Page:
Syfy Insider Exclusive

Create a free profile to get unlimited access to exclusive videos, sweepstakes, and more!

Sign Up For Free to View

Loki director Kate Herron on Kang, jet skis, and finding the right spot for that kiss

By Brian Silliman
Loki 106 Finale Still

We may be finished romping with the God of Mischief for the moment, but the first season of Loki has definitely made an impression. It left huge ramifications not only for the second season of the series but for the Marvel Cinematic Universe as a whole. 

Director Kate Herron oversaw every bit of madness in Season 1. The complicated relationship between Loki (Tom Hiddleston) and Sylvie (Sophia Di Martino) was under her purview, as was “He Who Remains” (Jonathan Majors). Was Majors just playing that character, was he Kang the Conqueror, or was he Immortus… all characters seen in Marvel Comics?  

SYFY WIRE recently caught up with Herron to discuss everything about the series that had us wondering how a show like this was even possible in the first place. 

Tom Hiddleston on Loki's Gender Fluidity

We got six episodes, a cliffhanger, and the promise of a second season. Was that always the plan?

Basically, we always knew we had these six episodes and that we were bringing our story into that. And then obviously, as we were making the show, yeah, everyone was very excited and wanted to make a second season. So that's when, basically, the little tease at the end that we added with the “Loki will return” came up. So we added that later, once obviously we knew the show would be continuing.

Was there ever a thought that we'd meet the Jonathan Majors character at the end of the season, and that would be it for the series? We'd be left with that cliffhanger and we'd see the fallout in other things?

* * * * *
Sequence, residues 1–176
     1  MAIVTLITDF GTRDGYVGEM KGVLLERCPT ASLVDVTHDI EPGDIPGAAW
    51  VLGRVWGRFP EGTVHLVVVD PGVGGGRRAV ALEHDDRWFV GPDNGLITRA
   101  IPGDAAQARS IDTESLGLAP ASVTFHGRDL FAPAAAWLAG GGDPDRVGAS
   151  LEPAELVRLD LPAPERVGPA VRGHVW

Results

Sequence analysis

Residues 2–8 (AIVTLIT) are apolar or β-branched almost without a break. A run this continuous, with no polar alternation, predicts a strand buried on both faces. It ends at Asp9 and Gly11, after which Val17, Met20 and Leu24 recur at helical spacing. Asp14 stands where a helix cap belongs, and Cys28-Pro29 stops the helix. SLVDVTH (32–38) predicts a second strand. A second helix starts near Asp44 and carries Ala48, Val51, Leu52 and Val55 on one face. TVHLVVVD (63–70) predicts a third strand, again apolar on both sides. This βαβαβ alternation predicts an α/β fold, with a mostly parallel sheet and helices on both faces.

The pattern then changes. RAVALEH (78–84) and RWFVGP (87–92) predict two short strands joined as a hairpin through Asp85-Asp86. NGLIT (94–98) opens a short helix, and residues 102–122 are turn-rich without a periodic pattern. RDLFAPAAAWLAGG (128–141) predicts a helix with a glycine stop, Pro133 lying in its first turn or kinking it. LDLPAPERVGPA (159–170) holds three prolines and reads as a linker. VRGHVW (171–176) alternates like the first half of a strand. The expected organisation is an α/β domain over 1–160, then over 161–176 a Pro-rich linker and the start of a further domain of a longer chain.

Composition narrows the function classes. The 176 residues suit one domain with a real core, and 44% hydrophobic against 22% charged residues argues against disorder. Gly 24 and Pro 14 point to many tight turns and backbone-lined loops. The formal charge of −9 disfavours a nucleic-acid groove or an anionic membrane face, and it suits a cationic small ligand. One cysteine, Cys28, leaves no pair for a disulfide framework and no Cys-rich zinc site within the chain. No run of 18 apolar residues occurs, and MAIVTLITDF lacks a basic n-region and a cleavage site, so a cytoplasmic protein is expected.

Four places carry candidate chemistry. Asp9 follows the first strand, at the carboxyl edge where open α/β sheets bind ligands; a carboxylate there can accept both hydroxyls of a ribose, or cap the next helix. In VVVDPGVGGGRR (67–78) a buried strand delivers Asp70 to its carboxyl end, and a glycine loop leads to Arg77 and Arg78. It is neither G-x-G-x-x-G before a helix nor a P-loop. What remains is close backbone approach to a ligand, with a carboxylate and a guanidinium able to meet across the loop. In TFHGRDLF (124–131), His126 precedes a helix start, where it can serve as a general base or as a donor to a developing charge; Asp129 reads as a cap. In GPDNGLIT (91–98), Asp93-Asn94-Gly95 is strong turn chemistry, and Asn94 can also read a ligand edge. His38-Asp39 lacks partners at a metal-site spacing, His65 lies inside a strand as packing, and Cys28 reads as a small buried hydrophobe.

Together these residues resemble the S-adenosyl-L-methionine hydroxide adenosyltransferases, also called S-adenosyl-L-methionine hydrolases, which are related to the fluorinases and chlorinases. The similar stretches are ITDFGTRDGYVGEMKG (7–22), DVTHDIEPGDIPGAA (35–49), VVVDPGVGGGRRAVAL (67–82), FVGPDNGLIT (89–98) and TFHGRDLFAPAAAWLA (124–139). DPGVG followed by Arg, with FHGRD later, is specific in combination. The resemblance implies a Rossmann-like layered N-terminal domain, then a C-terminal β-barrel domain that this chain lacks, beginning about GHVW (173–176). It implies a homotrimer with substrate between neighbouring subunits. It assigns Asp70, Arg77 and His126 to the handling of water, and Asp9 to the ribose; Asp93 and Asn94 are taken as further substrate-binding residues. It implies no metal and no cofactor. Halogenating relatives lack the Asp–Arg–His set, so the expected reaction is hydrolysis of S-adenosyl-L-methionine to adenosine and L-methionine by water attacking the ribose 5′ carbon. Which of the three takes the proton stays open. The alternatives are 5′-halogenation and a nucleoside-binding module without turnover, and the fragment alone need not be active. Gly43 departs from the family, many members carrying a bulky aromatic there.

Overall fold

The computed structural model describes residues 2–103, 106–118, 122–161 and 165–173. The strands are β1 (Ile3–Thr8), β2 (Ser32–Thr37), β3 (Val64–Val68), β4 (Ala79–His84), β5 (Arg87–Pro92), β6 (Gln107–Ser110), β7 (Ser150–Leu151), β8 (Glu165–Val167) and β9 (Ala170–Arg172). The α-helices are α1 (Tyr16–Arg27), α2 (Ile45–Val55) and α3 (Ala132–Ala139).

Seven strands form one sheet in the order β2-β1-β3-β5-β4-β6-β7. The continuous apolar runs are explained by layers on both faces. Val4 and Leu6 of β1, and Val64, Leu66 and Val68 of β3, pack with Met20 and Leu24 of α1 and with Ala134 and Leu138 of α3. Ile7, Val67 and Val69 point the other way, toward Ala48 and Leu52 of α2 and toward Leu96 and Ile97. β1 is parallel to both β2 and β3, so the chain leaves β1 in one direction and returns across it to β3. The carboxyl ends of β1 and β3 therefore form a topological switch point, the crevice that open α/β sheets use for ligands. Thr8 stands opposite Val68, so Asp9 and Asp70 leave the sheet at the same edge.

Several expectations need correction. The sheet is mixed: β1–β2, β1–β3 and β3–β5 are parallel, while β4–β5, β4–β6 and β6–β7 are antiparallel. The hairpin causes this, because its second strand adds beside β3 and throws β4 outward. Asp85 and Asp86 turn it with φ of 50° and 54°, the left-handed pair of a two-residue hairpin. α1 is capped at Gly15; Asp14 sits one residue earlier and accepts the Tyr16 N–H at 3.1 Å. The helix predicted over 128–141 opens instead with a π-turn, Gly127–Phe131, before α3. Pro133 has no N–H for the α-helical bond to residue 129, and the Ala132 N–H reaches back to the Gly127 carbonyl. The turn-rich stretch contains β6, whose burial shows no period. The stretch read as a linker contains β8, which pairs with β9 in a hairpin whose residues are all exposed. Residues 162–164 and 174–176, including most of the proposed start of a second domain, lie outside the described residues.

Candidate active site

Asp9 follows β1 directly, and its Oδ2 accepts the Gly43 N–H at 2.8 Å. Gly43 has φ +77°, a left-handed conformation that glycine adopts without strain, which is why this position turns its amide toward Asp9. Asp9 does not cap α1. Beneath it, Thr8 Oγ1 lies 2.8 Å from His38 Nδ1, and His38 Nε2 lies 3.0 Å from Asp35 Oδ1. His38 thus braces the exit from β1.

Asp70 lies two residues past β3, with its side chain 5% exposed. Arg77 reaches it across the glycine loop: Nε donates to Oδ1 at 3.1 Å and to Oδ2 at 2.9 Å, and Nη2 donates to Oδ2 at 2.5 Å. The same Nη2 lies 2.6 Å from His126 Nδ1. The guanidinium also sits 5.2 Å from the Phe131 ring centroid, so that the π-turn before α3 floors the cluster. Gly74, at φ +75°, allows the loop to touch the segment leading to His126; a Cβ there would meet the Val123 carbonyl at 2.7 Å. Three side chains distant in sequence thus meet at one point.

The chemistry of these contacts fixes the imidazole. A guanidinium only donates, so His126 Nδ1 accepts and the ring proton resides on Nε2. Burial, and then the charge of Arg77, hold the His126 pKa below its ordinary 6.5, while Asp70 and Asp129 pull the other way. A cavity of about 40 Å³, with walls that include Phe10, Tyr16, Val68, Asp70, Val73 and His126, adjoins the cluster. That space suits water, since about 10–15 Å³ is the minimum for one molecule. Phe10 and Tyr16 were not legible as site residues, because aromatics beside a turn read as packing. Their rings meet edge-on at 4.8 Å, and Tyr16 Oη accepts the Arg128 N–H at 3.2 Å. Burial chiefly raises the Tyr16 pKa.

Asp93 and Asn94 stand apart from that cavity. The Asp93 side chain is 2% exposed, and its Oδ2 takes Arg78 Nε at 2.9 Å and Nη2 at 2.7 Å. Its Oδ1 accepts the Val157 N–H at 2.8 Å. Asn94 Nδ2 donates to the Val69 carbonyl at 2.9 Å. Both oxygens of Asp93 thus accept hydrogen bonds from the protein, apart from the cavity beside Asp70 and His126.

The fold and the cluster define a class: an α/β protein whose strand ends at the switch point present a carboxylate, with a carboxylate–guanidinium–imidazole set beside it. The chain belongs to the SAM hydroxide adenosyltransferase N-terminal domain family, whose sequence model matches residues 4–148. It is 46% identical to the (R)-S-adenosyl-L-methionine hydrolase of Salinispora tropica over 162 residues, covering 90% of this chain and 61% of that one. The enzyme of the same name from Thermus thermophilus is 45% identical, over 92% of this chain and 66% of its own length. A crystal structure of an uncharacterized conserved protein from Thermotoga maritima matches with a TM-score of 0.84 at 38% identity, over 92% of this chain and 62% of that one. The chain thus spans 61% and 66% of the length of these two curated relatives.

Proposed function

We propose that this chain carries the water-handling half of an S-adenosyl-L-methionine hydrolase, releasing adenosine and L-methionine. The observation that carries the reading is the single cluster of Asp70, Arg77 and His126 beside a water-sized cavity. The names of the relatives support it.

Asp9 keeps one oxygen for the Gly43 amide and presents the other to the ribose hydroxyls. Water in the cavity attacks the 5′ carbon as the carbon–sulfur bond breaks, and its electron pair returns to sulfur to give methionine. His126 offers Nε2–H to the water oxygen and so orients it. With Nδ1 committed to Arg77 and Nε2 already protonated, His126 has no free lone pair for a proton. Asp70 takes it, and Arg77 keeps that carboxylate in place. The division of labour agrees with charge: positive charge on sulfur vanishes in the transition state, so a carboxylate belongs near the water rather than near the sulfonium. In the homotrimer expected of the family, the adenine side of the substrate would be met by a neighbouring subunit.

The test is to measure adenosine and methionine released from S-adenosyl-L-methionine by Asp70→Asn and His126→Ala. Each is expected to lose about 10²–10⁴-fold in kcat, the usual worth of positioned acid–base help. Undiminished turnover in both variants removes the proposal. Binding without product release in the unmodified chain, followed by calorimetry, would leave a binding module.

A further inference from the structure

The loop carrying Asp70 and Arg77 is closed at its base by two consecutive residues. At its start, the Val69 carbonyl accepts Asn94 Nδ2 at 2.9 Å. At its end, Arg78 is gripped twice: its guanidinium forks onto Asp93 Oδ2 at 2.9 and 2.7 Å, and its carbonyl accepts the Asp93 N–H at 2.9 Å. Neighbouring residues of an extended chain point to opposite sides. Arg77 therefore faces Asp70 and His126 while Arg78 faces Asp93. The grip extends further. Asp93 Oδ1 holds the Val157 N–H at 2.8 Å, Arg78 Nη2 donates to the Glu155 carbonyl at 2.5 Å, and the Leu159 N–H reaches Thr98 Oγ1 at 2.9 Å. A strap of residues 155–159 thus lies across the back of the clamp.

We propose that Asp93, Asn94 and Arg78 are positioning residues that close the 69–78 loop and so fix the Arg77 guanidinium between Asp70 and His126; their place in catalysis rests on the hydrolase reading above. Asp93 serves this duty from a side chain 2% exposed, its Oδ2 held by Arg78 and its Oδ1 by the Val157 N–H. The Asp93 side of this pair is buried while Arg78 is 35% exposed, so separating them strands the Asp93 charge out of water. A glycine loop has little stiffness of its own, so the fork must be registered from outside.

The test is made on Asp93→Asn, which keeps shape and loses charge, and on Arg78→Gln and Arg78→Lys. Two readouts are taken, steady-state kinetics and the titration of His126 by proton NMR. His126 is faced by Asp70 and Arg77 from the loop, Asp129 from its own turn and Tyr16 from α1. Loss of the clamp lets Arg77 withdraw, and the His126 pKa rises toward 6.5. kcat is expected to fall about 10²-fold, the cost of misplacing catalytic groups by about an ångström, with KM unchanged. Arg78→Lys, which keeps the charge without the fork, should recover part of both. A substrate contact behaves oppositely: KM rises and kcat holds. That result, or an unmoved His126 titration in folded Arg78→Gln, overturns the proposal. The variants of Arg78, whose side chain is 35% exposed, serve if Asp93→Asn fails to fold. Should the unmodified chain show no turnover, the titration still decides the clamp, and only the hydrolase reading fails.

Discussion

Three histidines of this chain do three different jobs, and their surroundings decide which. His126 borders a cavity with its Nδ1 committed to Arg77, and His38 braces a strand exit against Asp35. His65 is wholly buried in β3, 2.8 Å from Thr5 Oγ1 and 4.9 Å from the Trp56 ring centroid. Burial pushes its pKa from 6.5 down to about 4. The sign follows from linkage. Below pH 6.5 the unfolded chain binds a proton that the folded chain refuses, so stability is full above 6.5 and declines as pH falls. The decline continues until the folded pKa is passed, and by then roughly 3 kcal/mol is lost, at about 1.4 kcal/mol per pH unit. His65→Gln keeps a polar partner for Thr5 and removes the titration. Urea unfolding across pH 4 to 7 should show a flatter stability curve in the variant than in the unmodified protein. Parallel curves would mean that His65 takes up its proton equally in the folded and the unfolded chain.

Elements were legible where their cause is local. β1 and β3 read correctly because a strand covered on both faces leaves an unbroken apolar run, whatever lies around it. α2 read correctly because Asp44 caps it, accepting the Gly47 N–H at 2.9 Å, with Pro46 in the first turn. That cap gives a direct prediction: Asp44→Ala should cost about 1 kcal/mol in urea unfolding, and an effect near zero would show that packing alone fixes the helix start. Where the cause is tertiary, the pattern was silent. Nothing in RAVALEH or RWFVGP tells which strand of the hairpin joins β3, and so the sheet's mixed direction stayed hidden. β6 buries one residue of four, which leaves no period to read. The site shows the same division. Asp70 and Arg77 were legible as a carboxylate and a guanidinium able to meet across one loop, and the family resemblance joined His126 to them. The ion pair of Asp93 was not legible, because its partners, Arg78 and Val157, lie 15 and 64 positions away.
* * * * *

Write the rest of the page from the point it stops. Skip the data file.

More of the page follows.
We always knew they were going to meet “He Who Remains” at the Citadel at the End of Time. The very final moment where Loki's in the alternate TVA, that ending we landed on later, I think once we knew that the story would be continuing. But in terms of the six episodes, it was always intended that yeah, it would kind of end with them with “He Who Remains.” And then I assume that, yeah, we would kind of see the ripple effect of that across other shows or movies.

Speaking of “He Who Remains” played by Jonathan Majors, are you willing or able to tell me definitively that he's Immortus and/or a variant of Kang the Conqueror?

So I would say he draws inspiration from Immortus, and he's a variant of Kang obviously, and “He Who Remains” as well. We drew inspiration from the comics, but it's kind of like Sylvie. He's a unique character to the show, but he's obviously pulling from the comics as inspiration.

Did you think that Alligator Loki would be as big of a hit as he was?

Do you know what? I think you can never tell how popular a character will be, but we just all, like me and the team, all loved Alligator. We just thought he was amazing, and yeah, we loved him as a team, and we hoped that people would love him as much as we did, but yeah, you can never predict. I think we had an idea that people would find him fun, but yeah, who knew how big a hit he would be with people.

Speaking of things that were hits, there were many Easter eggs such as Throg in a jar (voiced by Chris Hemsworth), a quick glimpse of the Thanos copter, etc. At what point in the process did those things get put in?

So the copter came in… we were designing, we had illustrations, and I think we were all talking about things that could be fun to put in the Void. And my executive producer from Marvel, Kevin Wright, he was like, "Oh, we've got to put the copter in. We've got to do it." Because it's a perfect place for it to be, right? Because the Void is where things go that shouldn't be, so that's how that got in there.

And then in terms of Frog of Thunder, we had a scene that originally was in Episode 1, and it just wasn't quite… the scene was very funny as a standalone scene, but it happened basically right before Loki saw his mother dying, and tonally it just wasn't feeling quite right for what we should be doing in that moment. And so we didn't end up using that bit.

I had the shot design in Episode 5 where I knew I wanted to go through the dirt, down into the lair, and I think in my head I was always kind of like, "OK, insert Easter egg, and we'll find one that works for it." And I think we were kind of circling a few things, but then when, obviously when I knew that frog wasn't going to be in Episode 1, I was like, "Oh, well we have to put him in episode five in that moment, because then at least we can get him in there." I'd recorded Chris for that scene in Episode 1, so…